• Intermediate-term outcome following the fontan operation: a survival, functional and risk-factor analysis ☆ Nelson Alphonso*, Max Baghai, PremSundar, Robert Tulloh, Conal Austin and David Anderson Department of Congenital Heart Disease, Guy's Hospital, Guy's and St Thomas Hospitals NHS Trust, St Thomas Street, London SE1 9RT, UK ↵ ☆ Presented at the joint 17th Annual Meeting of the European Associationfor Cardio-thoracic Surgery and the 11th Annual Meeting of the EuropeanSociety of Thoracic Surgeons, Vienna, Austria, October 12-15, 2003. Accepted June 28, 2005. Over a median follow up of 54 months (1–133), Univariate analysis identified older age at operation (≫4 years) ( P =0.04), higher postoperative pulmonary artery pressure at 24h ( P =0.012), arrhythmia postoperatively ( P =0.03) or during follow-up ( P =0.01) and the requirement for anticoagulation during follow-up ( P =0.03) as significant predictors of poorer outcome. Patients who had an intermediate BCPS ( P =0.002) or Norwood Stage 1 ( P =0.05) had a better outcome.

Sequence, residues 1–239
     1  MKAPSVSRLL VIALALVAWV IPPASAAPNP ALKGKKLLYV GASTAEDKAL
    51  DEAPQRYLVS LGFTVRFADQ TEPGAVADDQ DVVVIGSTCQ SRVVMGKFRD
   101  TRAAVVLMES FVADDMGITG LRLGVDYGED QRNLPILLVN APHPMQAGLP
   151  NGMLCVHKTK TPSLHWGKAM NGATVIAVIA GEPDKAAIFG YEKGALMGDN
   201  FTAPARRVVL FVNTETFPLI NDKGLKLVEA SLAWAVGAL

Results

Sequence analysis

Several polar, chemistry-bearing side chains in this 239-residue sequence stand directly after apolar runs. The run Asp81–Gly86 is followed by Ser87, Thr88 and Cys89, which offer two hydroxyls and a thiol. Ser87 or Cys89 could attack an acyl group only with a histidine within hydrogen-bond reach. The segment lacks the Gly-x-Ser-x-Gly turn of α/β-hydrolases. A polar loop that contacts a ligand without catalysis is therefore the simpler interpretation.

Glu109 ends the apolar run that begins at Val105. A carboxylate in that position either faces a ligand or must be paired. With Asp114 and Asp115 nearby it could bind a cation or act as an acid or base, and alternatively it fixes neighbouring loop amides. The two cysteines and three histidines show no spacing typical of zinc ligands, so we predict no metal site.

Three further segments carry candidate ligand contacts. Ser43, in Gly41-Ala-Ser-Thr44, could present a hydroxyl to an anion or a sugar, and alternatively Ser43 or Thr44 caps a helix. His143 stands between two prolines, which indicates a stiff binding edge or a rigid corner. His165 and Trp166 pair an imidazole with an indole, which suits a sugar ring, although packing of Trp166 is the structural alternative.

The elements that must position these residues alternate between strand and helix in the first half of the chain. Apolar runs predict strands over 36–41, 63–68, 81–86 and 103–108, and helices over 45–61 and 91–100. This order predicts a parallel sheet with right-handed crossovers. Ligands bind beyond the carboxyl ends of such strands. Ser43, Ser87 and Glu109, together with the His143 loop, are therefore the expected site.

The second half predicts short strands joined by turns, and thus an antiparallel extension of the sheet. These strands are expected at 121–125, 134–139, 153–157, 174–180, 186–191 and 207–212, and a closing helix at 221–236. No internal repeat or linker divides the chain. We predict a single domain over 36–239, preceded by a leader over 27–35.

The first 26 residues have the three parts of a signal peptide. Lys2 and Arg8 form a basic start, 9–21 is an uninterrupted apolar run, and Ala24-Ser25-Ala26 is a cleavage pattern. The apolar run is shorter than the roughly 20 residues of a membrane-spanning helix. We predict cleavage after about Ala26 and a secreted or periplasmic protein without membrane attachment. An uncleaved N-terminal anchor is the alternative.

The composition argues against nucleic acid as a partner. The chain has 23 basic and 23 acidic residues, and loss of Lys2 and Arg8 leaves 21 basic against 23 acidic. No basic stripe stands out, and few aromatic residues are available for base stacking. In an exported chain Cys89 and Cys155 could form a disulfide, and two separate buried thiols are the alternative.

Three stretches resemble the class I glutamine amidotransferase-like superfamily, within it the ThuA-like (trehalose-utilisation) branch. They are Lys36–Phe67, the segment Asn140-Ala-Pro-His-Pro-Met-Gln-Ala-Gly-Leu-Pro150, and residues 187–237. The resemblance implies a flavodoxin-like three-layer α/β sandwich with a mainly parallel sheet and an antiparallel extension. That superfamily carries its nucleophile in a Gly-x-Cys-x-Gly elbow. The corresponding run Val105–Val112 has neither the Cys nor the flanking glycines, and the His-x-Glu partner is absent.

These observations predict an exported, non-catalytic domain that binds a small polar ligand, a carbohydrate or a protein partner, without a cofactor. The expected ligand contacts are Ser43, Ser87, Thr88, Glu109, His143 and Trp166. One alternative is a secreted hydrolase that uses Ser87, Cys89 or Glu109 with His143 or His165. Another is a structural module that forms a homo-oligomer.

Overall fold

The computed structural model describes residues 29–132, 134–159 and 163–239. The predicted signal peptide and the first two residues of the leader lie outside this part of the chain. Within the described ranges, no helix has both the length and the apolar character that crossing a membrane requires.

• The intensive care of infants with hypoplastic left heart syndrome U Theilen, L Shekerdemian . . . . . . . . . . . . . . . . . . . . . . . . . . . . . . . . . . . . . . . . . . . . . . . . . . . . . . . . . . . . . . . . . . . . . . . . . . . . . . . . . . . . . . . . . . . . . . . . . . . . . . . . . . . . . . . . . . . . . . . . . . . . . . . Arch Dis Child Fetal Neonatal Ed 2005Prenatal diagnosis has allowed for more careful planning of delivery and immediate postnatal care of infants with HLAlthough the reported impact of prenatal diagnosis on overall survival is variable, infants diagnosed prenatally are certainly less likely to experience the sequelae of pulmonary overcirculation or acidosis. HS.